BEIJING (Reuters) – Hackers linked to the Chinese government have infiltrated the Vatican’s computer networks, including the representative of the Hong Kong-based Roman Catholic Church, a US company that tracks state-backed cyberattacks said on Wednesday. .
He said the attacks started in May. The Vatican and Beijing are expected to participate in talks this year over the renewal of a landmark 2018 deal that stabilized relations between China and the Church.
US cybersecurity firm Recorded Future said in the report that the attacks targeted the Vatican and the Catholic diocese of Hong Kong, including the head of the Hong Kong Study Mission, who is seen as the de facto representative of Pope Francis in China.
The report said the targets included communications between the Hong Kong diocese and the Vatican, and used similar tools and methods previously identified with Chinese state-backed piracy groups.
Chinese Foreign Ministry spokesman Wang Wenbin, at a daily press conference in Beijing on Wednesday, said China is a “staunch defender” of cybersecurity.
Extensive evidence is needed instead of guesswork when investigating cyber events, Wang said.
Beijing routinely denies that it is involved in state-backed piracy attempts and says it is the victim of such threats.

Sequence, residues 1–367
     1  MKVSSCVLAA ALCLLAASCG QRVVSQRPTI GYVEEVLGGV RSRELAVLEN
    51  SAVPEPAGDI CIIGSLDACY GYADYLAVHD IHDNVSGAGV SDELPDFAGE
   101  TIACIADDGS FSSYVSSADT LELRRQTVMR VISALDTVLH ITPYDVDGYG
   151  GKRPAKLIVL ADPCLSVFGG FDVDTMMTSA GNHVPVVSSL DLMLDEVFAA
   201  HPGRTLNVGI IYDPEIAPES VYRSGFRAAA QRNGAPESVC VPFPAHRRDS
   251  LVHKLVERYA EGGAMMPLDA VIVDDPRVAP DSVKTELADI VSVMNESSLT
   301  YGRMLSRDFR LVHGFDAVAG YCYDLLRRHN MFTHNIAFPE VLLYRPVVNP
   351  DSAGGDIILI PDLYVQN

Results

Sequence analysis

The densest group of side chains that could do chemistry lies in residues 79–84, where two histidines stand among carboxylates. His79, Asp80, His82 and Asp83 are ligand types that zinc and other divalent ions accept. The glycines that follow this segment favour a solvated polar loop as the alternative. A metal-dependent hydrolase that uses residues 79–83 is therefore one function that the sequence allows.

A Vatican spokesman had no immediate comment. The Hong Kong Study Mission did not respond to a request for comment.
Informed piracy follows an extremely rare meeting between Beijing and the Vatican’s foreign minister earlier this year in Germany, marking the highest-level official meeting between the two sides in decades.
Relations between the two have improved and they are expected to renew the two-year interim agreement on the operation of the Catholic Church in China this September.
A Chinese delegation was planning to visit the Vatican as part of the ongoing talks, but there was no indication as to whether or not they would travel due to the coronavirus outbreak, a senior Vatican source said.
The source, who spoke to Reuters before the hacking report, said it was not yet clear whether the deal would be automatically extended due to the pandemic and for how long.
Reports by Cate Cadell and Gabriel Crossley in Beijing, Greg Torode in Hong Kong and Philip Pullella in Rome; Tony Munroe, Raju Gopalakrishnan and Gareth Jones edition